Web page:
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i'm making a dialogue system that reads from a text file with a portrait that changes expressions depending on the context. I'm thinking of putting in a "cue" in the text file to determine which expression to show on the screen. Like #1 for default expressions, 2 for happy, etc. But the problem is the cues will show up on the dialogue box as well.

So, is there a specific code to hide texts specifically in unity like how "\n" is not shown in other languages? Because my other solution to this is making two separate files and scripts for the dialogue and expression cues which will probably add confusion and more problems in the future.

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    \$\begingroup\$ Have you considered using regex to filter your strings at runtime? \$\endgroup\$ – Weckar E. Nov 30 '20 at 9:09
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As far as I know there is nothing like that. But I also don't see why anyone would need a feature like that, because there is no way in Unity to put text from a file directly into a UI text element. There is always at least one step in between where you read the content of the text file into a string variable. And this is where I would approach this problem.

For example, you could say that when a line in your text file begins with { (or some other character which is unlikely to show up in regular dialogue text) then this line is the facial expression. When the line begins with anything else, it's a line of dialogue.

But maybe you want to add more kinds of "stage directions" later. Audio, effects, and so on. And sooner or later you run out of symbols. So you might want to use just one symbol followed by a word which describes what that symbol means. And if you go so far, then the actual text might not look that special anymore, so it should also be notated by a word. So you might end up with a file format like this:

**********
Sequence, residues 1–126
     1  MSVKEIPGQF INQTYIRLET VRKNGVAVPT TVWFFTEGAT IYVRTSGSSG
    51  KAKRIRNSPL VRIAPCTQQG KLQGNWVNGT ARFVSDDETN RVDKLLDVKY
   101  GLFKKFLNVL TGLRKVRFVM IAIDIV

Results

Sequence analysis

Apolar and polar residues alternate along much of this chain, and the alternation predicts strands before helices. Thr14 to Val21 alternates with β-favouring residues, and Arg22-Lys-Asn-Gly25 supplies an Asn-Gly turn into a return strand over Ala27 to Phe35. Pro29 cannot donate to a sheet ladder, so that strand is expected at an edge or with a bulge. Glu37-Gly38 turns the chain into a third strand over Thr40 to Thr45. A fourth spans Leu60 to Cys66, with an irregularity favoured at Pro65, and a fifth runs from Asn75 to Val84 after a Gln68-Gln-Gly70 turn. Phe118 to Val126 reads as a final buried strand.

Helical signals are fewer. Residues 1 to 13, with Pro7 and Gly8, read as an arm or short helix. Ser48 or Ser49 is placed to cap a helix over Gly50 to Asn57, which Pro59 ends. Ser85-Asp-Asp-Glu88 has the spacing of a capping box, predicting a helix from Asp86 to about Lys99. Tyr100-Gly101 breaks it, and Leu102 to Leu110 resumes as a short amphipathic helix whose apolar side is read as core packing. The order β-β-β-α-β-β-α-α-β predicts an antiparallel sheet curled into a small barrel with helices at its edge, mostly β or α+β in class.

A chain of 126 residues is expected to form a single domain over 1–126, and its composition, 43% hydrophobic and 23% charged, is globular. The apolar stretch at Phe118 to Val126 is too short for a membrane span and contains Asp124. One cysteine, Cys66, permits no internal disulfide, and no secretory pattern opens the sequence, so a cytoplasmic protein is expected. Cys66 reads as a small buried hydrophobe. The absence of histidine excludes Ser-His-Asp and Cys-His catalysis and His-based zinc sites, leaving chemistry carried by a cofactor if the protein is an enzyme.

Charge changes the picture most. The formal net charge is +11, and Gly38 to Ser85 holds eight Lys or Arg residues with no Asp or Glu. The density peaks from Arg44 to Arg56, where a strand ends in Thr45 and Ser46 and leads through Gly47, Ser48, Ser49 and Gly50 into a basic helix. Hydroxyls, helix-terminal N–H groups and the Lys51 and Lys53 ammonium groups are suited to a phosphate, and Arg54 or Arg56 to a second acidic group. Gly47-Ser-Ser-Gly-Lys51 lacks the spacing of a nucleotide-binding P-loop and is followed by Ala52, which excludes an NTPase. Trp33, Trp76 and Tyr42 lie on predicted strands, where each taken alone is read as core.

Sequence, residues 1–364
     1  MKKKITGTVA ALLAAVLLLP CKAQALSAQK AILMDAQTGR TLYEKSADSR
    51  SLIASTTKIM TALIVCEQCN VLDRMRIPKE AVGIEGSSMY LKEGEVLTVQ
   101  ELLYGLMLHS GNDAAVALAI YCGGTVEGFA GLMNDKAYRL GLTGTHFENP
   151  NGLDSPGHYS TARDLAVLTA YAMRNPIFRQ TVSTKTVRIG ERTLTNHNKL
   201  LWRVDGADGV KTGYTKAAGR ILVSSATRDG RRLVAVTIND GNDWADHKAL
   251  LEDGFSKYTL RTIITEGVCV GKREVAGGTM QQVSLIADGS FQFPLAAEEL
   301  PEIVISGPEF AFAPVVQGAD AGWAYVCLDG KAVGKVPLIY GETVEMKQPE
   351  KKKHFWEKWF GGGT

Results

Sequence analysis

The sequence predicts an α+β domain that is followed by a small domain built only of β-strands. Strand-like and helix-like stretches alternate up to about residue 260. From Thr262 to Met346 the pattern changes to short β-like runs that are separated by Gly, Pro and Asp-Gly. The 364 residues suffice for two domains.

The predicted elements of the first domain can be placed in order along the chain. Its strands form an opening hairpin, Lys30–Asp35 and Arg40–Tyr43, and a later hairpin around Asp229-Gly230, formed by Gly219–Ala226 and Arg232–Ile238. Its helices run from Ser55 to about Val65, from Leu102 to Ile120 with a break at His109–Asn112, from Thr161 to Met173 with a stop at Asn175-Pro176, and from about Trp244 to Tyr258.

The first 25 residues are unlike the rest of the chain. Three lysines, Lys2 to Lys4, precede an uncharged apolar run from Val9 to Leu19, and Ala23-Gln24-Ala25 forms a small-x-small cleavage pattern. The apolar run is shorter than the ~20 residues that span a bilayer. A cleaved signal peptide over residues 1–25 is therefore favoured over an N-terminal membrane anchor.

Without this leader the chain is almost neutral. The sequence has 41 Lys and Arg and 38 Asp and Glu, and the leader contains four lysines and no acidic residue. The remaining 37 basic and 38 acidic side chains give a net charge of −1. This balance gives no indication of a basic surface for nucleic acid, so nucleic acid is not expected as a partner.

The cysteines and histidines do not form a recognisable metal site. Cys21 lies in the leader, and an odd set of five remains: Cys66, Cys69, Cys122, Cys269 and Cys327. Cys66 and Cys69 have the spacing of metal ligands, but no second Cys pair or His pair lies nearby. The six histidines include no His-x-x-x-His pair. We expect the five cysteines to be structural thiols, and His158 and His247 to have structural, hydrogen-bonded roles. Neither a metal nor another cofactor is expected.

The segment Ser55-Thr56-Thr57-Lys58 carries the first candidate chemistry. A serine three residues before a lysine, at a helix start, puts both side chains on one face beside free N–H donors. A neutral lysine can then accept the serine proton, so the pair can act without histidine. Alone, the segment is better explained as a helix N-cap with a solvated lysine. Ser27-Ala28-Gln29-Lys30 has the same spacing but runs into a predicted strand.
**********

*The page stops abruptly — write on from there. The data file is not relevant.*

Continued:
{ "character": "bob" },
{ "emotion": "happy" },
{ "transition": "fade" },
{ "music": "calm.ogg" },
{ "text": "Pleasure to meet you" }

Wait a minute... that is JSON! A standardized format for hierarchical key/value data. One which Unity can actually parse out of the box. So you don't even need to write your own file parser. You just need to create a plain old C# class with all the fields which you can have in a line of dialogue and then use the method JsonUtility.FromJson to take a text string and create and instance of that class.

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  • \$\begingroup\$ I'm stuck right now so i'll look into this. Thank you very much! But I did made it work by assigning the text file into a string array, then assigning that array into the text element in unity. But now my next problem is that comparing the cue code, which is a string, from the acquired cue string from the text file just wouldn't work even though they're the same string. \$\endgroup\$ – lover of the feet Nov 30 '20 at 10:55
  • \$\begingroup\$ @loverofthefeet If you would show us your parsing code and an example file, then we might be able to find your bug. Perhaps you might want to post this as a new question. \$\endgroup\$ – Philipp Nov 30 '20 at 10:57
  • \$\begingroup\$ Hi, I made a different post regarding my problem. I should probably just go for the JSON route but I kinda want to know if what i'm currently doing could work. Hopefully my code doesn't put you off but i'd appreciate it if you would check it out. Thank you. \$\endgroup\$ – lover of the feet Nov 30 '20 at 13:07

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